Oziorrinco: larvae in the soil

Oziorrinco: larvae in the soil

There are two beetles which have similar larvae and which can cause serious damage to the crops in our garden: oziorrinco and beetle. We have already talked about the beetle larvae, let's now go into the damage caused by the oziorrinco and possible biological defense strategies.

The adult insects of this beetle lay eggs in soils rich in organic matter decomposing, which is why they generally infest fertile and cultivated areas and we often find them in the compost heap.

From the eggs come out the larvae of oziorrinco, which from the ground will also eat the roots of the plants, causing problems for horticultural crops. It is not easy to defend against this threat with biological methods because the larva is found in the ground and therefore products that act by contact have little chance of hitting the target, but let's see how we can defend ourselves from the oziorrinco.

Recognition of the oziorrinco

Adult individuals of oziorrinco (otiorhynchus) have a black body, possibly dotted with white, and are about one centimeter long. The adult insect hides in the stem of the plants, while the larva digs into the ground.

L'oziorrinco has larvae similar to those of various beetles, compared to the aforementioned beetle it has smaller dimensions, it is recognized by the black head, while the beetle larvae have a red head and legs. It is not particularly useful for cultivation purposes to distinguish between the two species, since the larvae do similar damage and fight in the same way.

However, it is not easy to distinguish the larvae from the many other beetle larvae, so when in doubt it is better to avoid unnecessary killing. There are also rare and protected insects. It would also be important to know recognize the golden cetonia larvae, which is a useful insect, as it acts by chewing and digesting organic matter, making it a terrific helper in composting. This beetle therefore does a similar job in some ways to that of earthworms. The larvae of cetonia are really very similar to those of the beetle, but have tiny and atrophied legs, so they can be recognized in a simple way by paying attention to the forelimbs, while the larvae of oziorrinco are apods.

Characteristics of the beetle

Oziorrinco (Otiorhynchus) is a beetle of the genus of weevils. To be precise, there are several species of this beetle, the most widespread is called otiorhynchus rugosostriatus and it is the one that most often annoys the garden.

It is worth mentioning too the oziorrinco of the vine is the oziorrinco of the olive tree, even if they are insects that damage plants less, because their action is above all that carried out by adults on the leaves, except for really consistent attacks, there are no problems for the plant.

Fortunately, this insect reproduces only once a year, usually in summer. The larvae remain in the ground overwintering and in spring there will be the first flights of adult beetles.

Damage caused by the oziorrinco

The roach larvae live in the soil, from which they pass to devour the roots plants, even killing them. The attack of this beetle comes from underground, so no caterpillars are seen arriving, but the problem is recognized by the decay of the plants and the presence of galleries close to the root system. The damage of the larvae is typically summery, in the garden in July, August and September.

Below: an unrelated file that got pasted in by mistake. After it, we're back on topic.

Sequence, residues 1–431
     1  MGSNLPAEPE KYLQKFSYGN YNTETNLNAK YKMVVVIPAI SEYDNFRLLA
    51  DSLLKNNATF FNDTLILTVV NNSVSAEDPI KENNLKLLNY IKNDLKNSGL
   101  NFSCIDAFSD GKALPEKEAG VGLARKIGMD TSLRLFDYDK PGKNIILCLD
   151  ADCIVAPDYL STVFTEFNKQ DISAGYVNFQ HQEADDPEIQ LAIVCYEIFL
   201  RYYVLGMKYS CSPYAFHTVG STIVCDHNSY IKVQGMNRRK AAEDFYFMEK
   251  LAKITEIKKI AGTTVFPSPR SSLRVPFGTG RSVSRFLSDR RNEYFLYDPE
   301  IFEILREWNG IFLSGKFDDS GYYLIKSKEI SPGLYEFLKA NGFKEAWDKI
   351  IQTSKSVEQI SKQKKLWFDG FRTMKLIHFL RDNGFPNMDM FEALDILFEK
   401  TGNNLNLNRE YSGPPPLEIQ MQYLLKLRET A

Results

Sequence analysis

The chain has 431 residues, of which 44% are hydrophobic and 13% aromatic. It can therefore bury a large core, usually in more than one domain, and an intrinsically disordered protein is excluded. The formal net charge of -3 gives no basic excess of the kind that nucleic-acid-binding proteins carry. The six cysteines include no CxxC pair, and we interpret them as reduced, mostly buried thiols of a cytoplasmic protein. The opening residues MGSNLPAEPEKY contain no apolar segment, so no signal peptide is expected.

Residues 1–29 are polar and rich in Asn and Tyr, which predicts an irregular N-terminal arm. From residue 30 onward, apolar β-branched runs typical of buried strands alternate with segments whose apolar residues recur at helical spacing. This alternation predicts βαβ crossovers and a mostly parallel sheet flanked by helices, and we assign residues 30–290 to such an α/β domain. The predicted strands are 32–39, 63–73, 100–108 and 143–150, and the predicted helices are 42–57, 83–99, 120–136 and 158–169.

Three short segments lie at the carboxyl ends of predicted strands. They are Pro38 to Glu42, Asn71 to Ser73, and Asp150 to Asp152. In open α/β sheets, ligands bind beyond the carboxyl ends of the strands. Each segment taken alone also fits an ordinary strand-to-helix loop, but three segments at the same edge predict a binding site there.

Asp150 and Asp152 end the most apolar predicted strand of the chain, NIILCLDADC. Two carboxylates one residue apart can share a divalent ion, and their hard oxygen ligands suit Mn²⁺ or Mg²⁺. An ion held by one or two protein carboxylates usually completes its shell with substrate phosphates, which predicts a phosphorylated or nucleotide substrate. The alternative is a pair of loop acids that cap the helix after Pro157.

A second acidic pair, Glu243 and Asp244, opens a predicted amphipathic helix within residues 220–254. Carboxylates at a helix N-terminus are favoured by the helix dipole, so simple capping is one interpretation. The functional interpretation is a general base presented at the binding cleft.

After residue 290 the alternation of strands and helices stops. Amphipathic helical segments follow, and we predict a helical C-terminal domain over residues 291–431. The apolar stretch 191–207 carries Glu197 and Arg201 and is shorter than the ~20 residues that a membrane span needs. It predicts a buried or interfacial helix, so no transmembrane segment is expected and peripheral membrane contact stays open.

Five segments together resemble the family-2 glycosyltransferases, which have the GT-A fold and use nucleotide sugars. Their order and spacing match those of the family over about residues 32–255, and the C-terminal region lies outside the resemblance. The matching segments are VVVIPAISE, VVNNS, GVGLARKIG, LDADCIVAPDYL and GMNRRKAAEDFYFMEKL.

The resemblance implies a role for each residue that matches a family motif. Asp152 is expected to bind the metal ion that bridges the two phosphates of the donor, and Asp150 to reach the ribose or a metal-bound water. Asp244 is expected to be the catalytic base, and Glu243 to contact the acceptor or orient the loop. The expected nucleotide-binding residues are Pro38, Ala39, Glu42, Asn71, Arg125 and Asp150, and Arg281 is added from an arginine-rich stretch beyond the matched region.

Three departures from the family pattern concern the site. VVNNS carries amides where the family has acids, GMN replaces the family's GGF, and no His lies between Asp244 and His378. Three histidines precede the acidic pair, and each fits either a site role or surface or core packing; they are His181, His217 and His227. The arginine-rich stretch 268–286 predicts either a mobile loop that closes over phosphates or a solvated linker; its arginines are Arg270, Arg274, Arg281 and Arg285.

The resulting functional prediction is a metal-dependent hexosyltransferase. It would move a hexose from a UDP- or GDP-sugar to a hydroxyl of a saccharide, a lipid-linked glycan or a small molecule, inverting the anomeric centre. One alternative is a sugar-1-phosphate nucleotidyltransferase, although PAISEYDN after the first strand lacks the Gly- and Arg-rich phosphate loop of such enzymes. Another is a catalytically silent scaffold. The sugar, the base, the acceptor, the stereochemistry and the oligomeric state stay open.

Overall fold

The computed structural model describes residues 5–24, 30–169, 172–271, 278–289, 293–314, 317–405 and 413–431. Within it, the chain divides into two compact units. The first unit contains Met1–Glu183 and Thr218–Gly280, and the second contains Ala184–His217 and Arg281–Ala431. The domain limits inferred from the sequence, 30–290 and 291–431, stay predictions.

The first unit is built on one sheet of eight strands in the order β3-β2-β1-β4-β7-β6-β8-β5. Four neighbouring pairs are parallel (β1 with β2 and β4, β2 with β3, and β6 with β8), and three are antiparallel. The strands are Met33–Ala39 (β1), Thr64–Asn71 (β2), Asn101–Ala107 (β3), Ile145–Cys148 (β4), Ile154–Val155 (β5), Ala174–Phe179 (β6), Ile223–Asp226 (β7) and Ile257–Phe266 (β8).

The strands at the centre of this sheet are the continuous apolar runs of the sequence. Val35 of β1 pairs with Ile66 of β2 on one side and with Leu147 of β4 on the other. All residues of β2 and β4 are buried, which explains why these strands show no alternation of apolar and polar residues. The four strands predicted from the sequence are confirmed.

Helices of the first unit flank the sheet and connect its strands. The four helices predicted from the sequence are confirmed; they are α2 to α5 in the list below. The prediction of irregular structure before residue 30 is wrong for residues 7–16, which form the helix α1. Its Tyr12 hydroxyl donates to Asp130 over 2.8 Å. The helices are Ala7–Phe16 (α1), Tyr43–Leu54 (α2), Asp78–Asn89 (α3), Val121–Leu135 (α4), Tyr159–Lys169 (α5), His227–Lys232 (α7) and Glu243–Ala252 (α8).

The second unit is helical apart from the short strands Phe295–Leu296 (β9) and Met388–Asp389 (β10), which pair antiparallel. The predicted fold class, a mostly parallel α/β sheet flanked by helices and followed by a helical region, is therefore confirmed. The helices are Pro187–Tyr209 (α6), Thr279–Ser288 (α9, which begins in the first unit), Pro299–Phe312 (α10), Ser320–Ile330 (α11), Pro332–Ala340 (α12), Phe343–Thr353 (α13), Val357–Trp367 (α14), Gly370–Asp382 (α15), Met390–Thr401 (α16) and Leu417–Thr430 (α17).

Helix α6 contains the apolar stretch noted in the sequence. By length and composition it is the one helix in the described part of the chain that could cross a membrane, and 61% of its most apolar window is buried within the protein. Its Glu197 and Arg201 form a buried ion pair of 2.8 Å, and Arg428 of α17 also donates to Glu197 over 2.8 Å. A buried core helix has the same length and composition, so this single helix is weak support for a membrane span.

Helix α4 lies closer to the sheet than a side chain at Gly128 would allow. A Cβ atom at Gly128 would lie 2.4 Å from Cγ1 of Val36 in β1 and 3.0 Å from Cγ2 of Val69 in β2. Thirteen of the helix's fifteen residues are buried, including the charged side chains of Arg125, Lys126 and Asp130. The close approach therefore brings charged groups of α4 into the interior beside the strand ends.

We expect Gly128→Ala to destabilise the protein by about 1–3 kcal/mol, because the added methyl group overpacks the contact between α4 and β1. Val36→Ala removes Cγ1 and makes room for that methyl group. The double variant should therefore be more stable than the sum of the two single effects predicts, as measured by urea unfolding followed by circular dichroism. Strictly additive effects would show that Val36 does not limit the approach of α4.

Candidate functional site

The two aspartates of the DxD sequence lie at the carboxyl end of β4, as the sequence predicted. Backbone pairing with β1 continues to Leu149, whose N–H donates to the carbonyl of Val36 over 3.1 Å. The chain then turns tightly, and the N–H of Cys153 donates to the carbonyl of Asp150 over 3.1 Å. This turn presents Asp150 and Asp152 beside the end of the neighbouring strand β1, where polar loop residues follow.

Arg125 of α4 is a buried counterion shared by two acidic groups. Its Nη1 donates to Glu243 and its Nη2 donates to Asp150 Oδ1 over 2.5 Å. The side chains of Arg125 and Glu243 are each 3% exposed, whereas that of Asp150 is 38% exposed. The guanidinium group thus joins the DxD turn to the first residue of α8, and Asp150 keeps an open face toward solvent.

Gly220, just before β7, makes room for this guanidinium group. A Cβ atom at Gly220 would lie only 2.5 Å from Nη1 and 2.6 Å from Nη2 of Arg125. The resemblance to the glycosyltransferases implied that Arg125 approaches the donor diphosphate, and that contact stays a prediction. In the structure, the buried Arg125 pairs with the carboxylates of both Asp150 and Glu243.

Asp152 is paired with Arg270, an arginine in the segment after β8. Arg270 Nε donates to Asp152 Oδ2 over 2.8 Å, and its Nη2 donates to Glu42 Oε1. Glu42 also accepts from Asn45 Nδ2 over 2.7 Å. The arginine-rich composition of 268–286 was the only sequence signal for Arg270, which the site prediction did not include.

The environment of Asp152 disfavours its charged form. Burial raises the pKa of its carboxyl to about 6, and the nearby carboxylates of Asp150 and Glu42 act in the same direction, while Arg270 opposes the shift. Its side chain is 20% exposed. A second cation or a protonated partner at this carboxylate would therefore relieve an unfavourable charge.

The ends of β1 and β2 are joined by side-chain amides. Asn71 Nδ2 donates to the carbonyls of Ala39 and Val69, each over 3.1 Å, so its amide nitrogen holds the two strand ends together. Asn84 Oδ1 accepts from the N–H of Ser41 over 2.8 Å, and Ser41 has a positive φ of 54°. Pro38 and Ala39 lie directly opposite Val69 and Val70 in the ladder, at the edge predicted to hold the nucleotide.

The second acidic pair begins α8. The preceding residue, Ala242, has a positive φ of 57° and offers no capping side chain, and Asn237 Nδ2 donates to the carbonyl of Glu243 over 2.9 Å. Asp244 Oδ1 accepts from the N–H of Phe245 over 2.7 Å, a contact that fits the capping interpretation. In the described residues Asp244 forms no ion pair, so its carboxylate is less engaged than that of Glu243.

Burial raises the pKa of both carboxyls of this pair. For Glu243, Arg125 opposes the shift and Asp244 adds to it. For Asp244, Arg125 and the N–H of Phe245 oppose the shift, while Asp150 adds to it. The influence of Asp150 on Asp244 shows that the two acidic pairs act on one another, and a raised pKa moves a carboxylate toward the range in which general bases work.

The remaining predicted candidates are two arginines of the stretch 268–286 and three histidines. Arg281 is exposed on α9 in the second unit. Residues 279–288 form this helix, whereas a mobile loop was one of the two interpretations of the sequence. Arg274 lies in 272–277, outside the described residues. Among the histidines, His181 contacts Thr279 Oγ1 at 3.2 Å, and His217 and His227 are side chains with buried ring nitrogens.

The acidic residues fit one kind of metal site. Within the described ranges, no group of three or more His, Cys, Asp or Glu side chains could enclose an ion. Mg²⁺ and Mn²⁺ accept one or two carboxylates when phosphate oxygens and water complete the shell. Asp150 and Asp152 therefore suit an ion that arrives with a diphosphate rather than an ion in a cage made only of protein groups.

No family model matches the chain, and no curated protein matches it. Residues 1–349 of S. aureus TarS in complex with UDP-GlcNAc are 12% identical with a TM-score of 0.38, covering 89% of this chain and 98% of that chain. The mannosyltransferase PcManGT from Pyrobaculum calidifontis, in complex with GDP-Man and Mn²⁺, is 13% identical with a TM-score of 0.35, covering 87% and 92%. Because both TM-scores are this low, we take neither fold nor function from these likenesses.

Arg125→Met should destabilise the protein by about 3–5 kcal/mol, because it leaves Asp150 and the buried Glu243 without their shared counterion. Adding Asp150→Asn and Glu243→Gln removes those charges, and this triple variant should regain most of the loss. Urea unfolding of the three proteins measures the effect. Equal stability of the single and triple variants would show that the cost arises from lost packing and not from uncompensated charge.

Also the adult can do damage, but of minor severity compared to the larva, they are often negligible problems, to the point of not justifying interventions. Beetles and oziorrinchi feed on shoots and young leaves, the attack can be recognized by the semicircular bites that can be distinguished at the edges of the affected leaves. The adults they attack instead mainly in spring.

The oziorrinco both in the larval and adult stages can attack many of our vegetables: from strawberries to cabbage, passing through peppers, lettuce, zucchini.

Root damaged plant.

Biological defense from oziorrinco

There defense from the larvae of oziorrinco it is similar to that against the beetle: in organic farming, insecticides are of little use against insects that live in the soil and we work in particular on prevention.

Prevent the settlement of eggs

This beetle must first be prevented: it must first and foremost keep the soil soft to discourage spawning, with frequent hoeing.

If digging or turning the compost you notice the larvae you have to collect and eliminate them, maybe we can move them instead of killing them. In family horticulture manual harvesting it always remains an excellent system of prevention and fight.

Freeing of hens in the freshly turned soil we can be sure that a good part of the larvae will be exterminated.

Insecticides and trapping

How insecticide neem oil could be used, with the limit that if the insect is in the ground it is not a very effective method.

Another biological defense strategy is a rudimentary trapping with strips of sticky paper that trap the beetle, but these traps are not selective and risk making innocent victims among the beneficial insects and are therefore not recommended.

Entomopathogenic nematodes

In the biological fight it is possible to decide to "deploy" a natural parasite of the oziorrinco, or the nematodeHeterorhabditis bacteriophora. This tiny worm enters the larva and parasitizes it from inside the body. The action of the nematodes leads the larvae to death in a few days.

There are also gods parasitic fungi of the oziorrinco and of the beetle, asBeauveria bassiana, which can help in exterminating them.


Video: Grub Worm Identification and Treatment